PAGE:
Bringing together open standards and open source in 2016

IETF94, Yokohama, Hackathon

A recent Internet Draft noted the growing Free and Open Source Software movement as a trend that the IETF, as a community, can participate in by helping open source and open standards work together. As the draft states, “Open source and open standards have a natural and symbiotic relationship, and implementing open standards through open source projects strengthens the standards and the community at large.” IETF Hackathons, begun just last year, tangibly address this and promote the connection between open source and open standards by providing a focal point for developing open source implementations of standards developed in the IETF.

As a first measure of success, participation in the three IETF Hackathons held last year exceeded expectations and drew in contributors that weren’t already participating directly in the IETF itself. Perhaps even more importantly, work at IETF Hackathons has identified issues with standards still under development by IETF working groups, providing invaluable information about what worked and what didn’t work in real operating network environments. IETF Hackathons are not only an example of the “running code” that has been a touchstone of the IETF since the beginning, but they have also helped improve the standards as they are developed.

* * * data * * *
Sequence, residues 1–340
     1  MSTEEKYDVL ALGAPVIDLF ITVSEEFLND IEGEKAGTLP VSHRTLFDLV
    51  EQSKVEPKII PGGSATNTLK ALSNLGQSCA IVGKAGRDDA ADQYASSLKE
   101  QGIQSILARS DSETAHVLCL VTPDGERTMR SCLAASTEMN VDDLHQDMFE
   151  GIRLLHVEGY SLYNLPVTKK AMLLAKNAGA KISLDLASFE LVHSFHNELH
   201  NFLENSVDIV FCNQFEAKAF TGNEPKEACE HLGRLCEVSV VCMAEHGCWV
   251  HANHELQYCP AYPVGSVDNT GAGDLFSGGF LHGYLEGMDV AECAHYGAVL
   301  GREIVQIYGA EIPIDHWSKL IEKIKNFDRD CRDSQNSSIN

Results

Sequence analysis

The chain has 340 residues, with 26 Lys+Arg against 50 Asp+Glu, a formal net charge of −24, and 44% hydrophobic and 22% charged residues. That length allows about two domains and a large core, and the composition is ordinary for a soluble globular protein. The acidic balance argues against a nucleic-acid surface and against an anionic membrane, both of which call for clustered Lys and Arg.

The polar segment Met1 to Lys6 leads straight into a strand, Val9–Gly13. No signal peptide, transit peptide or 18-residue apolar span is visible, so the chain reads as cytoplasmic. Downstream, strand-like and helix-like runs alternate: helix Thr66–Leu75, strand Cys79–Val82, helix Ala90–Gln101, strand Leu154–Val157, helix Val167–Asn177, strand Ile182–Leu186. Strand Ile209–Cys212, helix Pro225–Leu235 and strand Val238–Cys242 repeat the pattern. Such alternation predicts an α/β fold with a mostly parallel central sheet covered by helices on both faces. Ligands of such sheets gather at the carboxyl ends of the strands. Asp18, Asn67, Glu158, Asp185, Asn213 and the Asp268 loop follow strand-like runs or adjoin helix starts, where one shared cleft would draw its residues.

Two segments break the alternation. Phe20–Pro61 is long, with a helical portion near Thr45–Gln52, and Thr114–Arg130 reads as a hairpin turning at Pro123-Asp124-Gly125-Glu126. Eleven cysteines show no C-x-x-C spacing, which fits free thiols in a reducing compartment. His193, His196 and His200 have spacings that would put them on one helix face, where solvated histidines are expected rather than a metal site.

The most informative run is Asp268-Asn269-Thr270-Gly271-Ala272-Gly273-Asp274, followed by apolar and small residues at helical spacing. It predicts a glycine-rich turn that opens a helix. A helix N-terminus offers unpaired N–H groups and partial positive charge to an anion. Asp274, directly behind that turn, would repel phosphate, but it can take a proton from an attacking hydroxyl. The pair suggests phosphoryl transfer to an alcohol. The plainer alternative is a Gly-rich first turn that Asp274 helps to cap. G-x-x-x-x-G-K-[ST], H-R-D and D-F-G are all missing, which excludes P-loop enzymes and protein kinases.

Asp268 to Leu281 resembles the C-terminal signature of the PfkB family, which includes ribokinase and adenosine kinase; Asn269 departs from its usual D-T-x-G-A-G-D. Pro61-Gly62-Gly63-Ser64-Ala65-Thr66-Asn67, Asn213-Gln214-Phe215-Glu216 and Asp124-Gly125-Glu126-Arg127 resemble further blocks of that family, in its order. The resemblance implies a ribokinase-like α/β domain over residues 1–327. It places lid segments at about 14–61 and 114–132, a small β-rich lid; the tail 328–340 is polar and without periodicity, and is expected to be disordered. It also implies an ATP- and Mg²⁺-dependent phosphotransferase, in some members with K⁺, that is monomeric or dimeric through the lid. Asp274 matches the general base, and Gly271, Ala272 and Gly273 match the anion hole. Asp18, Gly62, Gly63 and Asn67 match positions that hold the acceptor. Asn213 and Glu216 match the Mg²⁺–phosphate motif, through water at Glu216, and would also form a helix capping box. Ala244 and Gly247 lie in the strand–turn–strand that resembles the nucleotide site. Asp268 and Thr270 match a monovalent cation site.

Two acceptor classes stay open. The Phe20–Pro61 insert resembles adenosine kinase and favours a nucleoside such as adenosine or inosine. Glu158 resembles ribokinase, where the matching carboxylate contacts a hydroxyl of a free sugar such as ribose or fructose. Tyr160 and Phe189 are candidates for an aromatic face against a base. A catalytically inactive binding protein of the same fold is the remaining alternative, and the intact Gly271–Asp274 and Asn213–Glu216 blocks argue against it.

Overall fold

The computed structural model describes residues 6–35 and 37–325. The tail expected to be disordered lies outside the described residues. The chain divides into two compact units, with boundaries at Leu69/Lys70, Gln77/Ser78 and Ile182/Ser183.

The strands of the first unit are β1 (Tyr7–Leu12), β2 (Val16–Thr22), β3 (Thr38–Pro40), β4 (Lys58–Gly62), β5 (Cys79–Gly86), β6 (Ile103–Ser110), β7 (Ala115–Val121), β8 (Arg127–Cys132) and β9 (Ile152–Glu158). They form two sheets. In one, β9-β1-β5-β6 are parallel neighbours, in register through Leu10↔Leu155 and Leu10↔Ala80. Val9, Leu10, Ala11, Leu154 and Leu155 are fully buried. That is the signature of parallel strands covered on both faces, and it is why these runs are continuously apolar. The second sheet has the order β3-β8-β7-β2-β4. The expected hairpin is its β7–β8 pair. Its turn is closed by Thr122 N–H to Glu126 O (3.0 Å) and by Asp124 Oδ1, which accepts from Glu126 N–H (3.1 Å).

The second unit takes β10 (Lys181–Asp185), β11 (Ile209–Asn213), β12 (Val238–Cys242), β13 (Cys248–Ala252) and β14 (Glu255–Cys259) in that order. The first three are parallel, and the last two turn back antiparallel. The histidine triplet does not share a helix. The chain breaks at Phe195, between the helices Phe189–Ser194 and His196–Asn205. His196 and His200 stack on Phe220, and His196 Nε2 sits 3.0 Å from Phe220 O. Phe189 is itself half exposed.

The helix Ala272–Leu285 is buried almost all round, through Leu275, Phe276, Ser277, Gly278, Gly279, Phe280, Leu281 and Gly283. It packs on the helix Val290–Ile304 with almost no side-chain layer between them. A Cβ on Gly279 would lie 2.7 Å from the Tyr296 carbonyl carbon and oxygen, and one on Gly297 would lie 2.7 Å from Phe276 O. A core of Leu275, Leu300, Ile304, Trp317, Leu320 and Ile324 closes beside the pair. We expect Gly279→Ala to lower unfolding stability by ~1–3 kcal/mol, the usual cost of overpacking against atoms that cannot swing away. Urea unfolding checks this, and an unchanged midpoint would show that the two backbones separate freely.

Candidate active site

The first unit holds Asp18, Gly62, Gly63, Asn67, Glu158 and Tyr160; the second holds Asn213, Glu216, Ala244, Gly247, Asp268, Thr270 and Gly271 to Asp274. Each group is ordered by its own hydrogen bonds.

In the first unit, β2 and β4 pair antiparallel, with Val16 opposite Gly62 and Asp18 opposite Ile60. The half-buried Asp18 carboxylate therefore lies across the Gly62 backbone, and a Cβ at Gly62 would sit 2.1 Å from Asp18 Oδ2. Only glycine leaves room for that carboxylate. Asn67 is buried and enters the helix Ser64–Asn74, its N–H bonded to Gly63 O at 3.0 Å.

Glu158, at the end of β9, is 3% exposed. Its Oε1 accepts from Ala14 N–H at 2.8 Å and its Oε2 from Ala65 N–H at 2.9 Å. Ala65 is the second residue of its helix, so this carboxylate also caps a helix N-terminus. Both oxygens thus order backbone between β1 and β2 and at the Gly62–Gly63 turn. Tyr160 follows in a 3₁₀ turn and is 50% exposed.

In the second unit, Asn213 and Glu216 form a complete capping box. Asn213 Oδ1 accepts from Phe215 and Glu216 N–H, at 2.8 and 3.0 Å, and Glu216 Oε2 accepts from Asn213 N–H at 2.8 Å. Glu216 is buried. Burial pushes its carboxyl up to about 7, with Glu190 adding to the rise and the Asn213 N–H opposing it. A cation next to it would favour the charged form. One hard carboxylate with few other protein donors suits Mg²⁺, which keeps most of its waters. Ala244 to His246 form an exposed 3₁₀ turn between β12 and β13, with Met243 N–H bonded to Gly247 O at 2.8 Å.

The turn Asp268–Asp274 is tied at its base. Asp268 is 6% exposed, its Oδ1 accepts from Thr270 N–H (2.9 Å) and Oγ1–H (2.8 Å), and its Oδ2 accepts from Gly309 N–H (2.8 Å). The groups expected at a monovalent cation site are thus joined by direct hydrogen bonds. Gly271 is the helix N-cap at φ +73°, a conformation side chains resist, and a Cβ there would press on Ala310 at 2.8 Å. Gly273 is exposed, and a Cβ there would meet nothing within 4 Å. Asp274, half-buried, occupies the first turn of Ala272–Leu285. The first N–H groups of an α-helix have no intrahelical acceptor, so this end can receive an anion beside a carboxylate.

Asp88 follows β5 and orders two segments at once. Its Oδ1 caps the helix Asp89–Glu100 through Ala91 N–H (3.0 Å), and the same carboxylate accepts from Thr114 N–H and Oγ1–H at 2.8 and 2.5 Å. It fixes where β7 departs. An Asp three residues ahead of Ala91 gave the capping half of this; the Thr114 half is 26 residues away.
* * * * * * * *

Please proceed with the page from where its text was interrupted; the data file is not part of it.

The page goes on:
HW_POS_SM_CMYK Therefore I’m very pleased that Huawei will be sponsoring the IETF Hackathon events associated with each IETF meeting throughout 2016. The first 2016 IETF Hackathon will be held just ahead of IETF 95 in Buenos Aires starting on Saturday April 1st. There are already more than 90 individuals registered for the event to tackle topics such as DNS (including DNSSEC and DANE), NETVC, TLS, and NETCONF/YANG.

And remember: it’s not too late to sign up to participate! Many Hackathon participants also attend and participate in the IETF meeting, but IETF attendance is not required, and participation in the Hackathon is free.

Of course, we’re also looking forward to the other IETF Hackathons for the rest of the year, in Berlin in July and in Seoul in November. I encourage you to share information about the IETF Hackathons to anyone you know who might be interested in helping to bring together open Internet standards and open source. I am looking forward to seeing everyone in Buenos Aires.

Barry Leiba, Huawei (also, an Applications and Real-Time Area Director at the IETF)